“As a child of immigrants, and an immigrant myself, my fixation on space is a particularly meaningful one. How it can affect and shape its occupants,” says Loribelle Spirovski, the 29-year-old visual artist who was born in Manila to a Filipino mother and a Yugoslav father and lives today in Sydney, Australia. In addition to her identity, her father, a structural engineer with a “huge interest” in design, also contributed to the leitmotiv of her body of work: surrealist portraits backdropped by detailed architectural environments. Two dozen of them compose “Love, Death and the Time I Knew You” at the House of Fine Art gallery in London, Spirovski’s first solo show in the city. Fittingly, the paintings, at 4 feet tall, are room-size, their settings, featuring archways and tilework, informed by an artist residency at Palazzo Monti in Brescia, Italy. One work, The Solipsist, contains a chair that could be a Michael Thonet, but it was inspired by a beloved bentwood rocking chair in the artist’s childhood home.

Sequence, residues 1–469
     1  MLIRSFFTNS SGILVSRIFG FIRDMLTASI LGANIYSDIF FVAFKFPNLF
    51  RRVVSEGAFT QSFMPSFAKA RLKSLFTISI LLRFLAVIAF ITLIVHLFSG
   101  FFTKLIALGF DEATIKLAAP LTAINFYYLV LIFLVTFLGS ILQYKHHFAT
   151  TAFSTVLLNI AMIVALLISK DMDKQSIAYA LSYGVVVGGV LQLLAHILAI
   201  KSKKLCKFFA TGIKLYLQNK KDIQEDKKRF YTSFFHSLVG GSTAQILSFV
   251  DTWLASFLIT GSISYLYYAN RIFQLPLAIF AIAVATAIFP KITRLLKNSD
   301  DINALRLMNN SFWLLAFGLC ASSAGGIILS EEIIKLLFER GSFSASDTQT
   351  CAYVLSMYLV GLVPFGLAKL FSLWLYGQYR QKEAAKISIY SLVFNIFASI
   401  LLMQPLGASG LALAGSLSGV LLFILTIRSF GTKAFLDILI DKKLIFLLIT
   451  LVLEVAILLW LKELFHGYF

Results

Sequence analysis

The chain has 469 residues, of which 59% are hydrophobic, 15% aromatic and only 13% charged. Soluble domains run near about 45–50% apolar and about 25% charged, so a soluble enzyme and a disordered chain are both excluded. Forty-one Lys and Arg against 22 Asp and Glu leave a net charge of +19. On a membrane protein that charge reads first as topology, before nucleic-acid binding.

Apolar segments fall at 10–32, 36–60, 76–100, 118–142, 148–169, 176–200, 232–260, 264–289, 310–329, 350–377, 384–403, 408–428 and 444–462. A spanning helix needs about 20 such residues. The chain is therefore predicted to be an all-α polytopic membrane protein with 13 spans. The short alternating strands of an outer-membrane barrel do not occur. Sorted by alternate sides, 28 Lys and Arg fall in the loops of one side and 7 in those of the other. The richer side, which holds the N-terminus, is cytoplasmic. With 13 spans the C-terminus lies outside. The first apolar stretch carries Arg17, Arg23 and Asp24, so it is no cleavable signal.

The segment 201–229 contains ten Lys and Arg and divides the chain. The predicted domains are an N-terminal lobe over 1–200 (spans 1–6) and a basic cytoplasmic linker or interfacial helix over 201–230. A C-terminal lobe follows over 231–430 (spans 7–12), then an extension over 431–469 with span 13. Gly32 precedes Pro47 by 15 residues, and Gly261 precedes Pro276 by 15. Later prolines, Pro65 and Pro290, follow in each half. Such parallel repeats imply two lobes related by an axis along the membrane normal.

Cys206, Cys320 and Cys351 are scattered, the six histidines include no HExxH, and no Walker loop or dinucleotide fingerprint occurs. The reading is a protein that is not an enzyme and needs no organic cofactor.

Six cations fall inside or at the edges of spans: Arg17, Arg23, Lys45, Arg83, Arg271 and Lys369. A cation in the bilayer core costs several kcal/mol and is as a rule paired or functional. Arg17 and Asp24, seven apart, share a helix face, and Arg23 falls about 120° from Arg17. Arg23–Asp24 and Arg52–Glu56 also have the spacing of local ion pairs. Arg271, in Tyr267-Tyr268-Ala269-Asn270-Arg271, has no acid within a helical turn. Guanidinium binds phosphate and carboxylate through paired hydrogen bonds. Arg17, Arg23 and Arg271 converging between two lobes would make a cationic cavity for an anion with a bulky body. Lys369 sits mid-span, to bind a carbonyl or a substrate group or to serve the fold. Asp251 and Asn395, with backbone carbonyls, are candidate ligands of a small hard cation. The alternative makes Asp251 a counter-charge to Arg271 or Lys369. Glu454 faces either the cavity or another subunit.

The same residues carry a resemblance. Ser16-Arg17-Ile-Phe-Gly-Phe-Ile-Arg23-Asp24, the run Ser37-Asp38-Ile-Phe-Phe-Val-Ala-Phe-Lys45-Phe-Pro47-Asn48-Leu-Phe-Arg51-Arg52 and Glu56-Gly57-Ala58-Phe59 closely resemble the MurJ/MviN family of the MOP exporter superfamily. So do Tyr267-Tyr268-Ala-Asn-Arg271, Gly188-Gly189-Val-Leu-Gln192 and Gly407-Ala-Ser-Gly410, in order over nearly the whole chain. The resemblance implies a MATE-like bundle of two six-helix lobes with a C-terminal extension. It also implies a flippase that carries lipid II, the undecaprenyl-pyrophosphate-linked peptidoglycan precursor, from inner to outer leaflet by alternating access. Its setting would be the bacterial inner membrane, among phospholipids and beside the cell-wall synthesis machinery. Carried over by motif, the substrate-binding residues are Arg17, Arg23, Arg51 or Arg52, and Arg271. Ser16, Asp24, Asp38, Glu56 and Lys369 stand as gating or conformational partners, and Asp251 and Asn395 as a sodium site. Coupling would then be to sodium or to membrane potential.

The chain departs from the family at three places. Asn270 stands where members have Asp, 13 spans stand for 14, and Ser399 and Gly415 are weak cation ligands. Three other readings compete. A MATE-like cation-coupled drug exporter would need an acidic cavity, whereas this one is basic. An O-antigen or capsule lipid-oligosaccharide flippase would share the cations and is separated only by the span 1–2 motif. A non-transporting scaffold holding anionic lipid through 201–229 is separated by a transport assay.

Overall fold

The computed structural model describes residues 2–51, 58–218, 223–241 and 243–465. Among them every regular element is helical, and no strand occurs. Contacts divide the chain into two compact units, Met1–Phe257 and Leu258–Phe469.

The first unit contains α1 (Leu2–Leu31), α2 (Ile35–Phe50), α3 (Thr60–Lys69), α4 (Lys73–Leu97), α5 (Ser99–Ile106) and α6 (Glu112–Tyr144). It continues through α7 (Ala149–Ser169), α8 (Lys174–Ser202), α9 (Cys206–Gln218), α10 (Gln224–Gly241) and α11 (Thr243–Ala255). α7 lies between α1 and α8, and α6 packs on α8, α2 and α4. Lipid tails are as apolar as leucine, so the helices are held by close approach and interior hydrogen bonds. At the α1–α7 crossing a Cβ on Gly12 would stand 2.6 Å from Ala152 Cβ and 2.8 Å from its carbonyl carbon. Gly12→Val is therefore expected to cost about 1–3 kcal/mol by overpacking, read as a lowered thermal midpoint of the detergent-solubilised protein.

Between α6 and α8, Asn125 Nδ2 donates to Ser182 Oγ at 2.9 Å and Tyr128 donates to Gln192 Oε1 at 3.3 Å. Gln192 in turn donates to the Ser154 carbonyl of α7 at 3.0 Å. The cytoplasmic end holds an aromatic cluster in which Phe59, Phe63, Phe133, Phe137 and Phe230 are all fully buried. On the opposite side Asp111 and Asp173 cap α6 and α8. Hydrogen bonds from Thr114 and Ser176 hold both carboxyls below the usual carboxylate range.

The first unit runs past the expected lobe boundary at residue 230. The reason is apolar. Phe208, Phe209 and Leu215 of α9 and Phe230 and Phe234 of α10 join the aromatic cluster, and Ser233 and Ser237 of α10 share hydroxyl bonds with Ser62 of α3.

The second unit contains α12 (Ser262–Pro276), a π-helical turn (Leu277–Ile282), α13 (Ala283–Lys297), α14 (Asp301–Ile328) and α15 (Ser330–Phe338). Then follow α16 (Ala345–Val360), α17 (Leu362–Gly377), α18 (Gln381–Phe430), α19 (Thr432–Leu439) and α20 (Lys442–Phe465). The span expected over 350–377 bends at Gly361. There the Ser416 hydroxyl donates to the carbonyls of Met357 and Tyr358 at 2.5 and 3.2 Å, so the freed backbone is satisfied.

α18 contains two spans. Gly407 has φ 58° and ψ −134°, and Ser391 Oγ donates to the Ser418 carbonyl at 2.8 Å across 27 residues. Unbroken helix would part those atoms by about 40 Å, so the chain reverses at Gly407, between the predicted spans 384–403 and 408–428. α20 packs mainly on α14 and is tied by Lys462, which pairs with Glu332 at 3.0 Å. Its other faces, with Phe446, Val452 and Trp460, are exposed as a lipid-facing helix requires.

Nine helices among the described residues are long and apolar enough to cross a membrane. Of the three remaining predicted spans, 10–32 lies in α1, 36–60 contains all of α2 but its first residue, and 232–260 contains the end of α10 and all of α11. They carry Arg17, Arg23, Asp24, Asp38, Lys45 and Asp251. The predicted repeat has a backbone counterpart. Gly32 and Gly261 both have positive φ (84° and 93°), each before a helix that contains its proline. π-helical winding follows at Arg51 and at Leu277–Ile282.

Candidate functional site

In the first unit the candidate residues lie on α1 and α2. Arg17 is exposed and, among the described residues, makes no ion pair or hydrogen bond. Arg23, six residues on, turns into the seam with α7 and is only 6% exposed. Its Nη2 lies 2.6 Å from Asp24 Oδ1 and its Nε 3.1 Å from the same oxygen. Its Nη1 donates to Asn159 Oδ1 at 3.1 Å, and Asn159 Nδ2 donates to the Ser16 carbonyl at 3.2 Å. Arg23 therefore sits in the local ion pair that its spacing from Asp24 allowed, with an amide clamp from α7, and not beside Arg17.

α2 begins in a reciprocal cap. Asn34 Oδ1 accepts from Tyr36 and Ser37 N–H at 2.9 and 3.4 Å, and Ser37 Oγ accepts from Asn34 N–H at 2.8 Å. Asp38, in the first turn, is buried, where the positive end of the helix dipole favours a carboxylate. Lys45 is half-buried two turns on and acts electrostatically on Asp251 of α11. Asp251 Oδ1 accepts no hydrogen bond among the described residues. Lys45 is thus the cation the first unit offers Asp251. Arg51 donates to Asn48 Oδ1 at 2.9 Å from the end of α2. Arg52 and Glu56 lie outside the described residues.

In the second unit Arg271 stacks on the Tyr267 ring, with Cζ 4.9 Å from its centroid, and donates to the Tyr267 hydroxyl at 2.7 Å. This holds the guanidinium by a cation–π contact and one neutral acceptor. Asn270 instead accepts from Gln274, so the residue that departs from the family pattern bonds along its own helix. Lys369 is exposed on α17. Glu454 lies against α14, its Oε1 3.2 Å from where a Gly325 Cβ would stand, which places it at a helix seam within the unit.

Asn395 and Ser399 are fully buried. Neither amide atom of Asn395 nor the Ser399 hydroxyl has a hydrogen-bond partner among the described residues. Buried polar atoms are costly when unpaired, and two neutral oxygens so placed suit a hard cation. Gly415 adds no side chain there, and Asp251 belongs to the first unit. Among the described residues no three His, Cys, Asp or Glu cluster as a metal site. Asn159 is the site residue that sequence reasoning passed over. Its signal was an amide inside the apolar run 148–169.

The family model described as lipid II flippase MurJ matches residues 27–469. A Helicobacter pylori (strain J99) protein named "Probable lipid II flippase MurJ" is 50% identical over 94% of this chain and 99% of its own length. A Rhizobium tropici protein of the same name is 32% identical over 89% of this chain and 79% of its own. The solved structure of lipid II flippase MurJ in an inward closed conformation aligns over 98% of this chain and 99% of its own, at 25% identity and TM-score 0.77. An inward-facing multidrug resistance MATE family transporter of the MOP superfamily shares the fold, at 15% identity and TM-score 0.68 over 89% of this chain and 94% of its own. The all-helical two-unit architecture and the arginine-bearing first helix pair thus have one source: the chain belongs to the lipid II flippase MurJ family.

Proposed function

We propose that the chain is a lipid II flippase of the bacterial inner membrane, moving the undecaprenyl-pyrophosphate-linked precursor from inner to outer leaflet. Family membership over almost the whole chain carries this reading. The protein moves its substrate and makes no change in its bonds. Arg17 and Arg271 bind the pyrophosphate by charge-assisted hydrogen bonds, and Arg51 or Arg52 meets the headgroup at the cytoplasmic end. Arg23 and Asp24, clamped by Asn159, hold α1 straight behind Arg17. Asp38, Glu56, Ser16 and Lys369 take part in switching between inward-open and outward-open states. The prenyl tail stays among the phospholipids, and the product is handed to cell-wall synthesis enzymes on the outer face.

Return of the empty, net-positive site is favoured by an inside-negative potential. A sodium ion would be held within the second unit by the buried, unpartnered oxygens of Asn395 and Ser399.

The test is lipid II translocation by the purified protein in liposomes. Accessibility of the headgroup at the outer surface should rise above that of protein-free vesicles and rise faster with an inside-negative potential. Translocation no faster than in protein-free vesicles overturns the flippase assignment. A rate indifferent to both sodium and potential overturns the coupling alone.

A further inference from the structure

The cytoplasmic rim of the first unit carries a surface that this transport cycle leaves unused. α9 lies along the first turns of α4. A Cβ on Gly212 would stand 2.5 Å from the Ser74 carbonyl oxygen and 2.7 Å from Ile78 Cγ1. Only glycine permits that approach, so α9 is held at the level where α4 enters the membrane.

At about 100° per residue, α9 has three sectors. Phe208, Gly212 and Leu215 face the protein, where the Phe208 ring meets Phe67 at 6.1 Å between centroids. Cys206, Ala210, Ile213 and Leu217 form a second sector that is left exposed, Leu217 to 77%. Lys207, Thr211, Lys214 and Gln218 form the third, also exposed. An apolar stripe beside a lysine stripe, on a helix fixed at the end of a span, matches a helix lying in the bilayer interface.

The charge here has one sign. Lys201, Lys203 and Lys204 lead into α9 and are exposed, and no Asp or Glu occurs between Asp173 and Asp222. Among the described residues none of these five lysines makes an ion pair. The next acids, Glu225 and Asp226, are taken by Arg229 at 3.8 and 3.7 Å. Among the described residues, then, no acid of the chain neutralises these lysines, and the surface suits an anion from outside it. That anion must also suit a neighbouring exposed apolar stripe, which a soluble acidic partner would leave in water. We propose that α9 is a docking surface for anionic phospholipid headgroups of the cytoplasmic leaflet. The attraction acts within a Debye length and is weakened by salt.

Immigrant Roots Provide Inspiration for Loribelle Spirovski's First Solo Show
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